Where DO You Park?

physician parking

I seldom park in the designated “Physician Parking” spaces. Mostly, because during this time of very active construction at the hospital where I work (or as I refer to it, the “employee wellness program” encouraging all of us to get that 10,000 plus steps in a day) I have found a strategically placed, out of the way “spot” that no one else appears to have claimed. It is not designated for patients, it is not a handicapped spot, I have to travel a couple of side streets to get to it, but it works for me.

Last week I was precepting residents in another building on the hospital campus. Instead of parking in my “usual spot”, I chose to park in one of the physician-designated spots closer to the building that houses the clinic. I was cutting the time I needed to be there too short and would be late had I needed to walk across the campus. I was the first one in the lot at 7:35 am.

Mine was the last car in the spaces at 5:55 pm. When I went to my car that evening there was a hand-written sign chastising me: “PHYSICIAN PARKING”.

I admit, at first I was a little agitated. Just as all physicians, I worked hard for my degree. I was entitled to park in that space and no one had the right to put a nasty-gram on my windshield. Then I stepped back and started thinking. “Lisa, practice what you preach – and check your ego at the door.”

Why do we have prime designated parking spaces for physicians? With the very few exceptions of a few super-specialists who really need to have quick access to a side door to get to the place they may be urgently needed (like a neonatal intensivist or trauma surgeon), I can think of few other people who need that courtesy. We have in-hospital anesthesiologists, obstetricians, emergency physicians and hospitalists. If a doctor has a physical disability that precludes walking a distance, he or she can secure a handicapped placard for pole-position. Most physicians at my healthcare facility are in pretty good shape and have no difficulty walking a few extra steps. The others not in that category would benefit from the exercise plan. The bottom line is, I should not feel entitled to anything but grateful for everything. Grateful for my “spot” I have found to park, having a car to park there, my good health that I can walk across campus, my eyes that I can read the “love notes” left on my windshield, and sense of humor that when the person who put the note on my car called me to apologize I replied “No worries, Sheldon”.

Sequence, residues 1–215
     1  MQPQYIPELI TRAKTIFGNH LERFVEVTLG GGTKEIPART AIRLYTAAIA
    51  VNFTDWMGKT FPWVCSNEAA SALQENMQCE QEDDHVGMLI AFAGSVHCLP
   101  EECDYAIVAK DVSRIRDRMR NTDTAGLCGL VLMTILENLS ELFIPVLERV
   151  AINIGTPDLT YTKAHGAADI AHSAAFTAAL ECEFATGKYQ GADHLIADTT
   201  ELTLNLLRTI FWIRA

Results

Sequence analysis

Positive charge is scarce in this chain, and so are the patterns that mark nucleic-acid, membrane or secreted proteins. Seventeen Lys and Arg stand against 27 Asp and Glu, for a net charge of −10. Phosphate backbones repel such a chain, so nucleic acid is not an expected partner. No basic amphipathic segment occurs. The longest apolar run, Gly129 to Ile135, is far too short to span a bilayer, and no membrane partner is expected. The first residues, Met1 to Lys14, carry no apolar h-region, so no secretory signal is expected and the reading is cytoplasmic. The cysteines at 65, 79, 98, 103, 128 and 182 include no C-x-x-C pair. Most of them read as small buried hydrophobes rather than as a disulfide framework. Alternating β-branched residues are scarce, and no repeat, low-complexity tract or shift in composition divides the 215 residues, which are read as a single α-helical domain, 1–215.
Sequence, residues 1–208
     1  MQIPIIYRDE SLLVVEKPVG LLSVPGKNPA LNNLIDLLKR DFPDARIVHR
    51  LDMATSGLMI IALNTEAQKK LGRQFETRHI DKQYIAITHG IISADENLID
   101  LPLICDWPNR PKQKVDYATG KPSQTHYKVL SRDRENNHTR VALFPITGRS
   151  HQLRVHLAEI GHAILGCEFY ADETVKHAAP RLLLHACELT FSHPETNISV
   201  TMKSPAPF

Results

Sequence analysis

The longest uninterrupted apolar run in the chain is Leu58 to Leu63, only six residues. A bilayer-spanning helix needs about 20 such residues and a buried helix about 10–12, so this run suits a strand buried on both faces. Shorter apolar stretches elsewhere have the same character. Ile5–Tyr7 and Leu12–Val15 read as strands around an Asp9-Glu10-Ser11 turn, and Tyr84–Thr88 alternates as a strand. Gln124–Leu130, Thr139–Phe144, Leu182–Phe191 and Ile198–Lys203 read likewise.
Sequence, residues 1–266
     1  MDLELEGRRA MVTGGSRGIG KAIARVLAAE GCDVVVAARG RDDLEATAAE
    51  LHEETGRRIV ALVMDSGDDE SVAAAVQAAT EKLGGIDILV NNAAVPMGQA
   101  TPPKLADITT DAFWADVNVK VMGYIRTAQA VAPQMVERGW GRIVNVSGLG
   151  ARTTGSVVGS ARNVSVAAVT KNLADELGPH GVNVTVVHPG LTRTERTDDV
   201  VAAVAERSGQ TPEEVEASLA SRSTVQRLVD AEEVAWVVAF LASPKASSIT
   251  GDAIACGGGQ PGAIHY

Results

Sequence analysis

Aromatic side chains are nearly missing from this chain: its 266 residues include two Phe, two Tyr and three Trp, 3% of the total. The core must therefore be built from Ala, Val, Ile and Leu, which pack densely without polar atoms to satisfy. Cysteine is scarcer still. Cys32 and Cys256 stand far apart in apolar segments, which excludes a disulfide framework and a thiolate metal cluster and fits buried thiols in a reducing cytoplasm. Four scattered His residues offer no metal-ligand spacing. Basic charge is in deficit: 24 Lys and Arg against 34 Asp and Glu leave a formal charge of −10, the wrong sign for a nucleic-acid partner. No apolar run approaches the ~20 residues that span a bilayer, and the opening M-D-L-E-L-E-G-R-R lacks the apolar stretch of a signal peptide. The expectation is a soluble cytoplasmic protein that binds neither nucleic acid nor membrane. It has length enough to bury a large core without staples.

So, where DO you park?
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